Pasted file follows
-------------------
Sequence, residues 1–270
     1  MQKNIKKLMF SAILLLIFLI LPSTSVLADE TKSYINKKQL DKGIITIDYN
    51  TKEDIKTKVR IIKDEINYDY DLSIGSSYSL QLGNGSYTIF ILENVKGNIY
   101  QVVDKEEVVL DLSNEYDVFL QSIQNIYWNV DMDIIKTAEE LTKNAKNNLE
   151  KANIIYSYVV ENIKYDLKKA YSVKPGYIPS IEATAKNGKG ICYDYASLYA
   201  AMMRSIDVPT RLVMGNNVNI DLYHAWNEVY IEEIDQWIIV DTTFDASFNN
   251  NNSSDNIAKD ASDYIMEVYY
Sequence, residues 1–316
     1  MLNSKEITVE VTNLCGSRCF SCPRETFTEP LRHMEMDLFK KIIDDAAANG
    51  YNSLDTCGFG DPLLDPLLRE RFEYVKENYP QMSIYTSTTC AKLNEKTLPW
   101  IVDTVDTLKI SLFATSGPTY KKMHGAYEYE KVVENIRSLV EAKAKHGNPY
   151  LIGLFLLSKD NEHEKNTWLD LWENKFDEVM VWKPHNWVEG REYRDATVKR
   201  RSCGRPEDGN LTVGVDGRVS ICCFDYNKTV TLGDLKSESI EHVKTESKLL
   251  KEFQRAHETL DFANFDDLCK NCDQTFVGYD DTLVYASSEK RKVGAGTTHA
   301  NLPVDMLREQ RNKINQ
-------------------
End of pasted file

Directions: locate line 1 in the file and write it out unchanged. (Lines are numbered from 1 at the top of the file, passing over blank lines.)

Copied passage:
Sequence, residues 1–270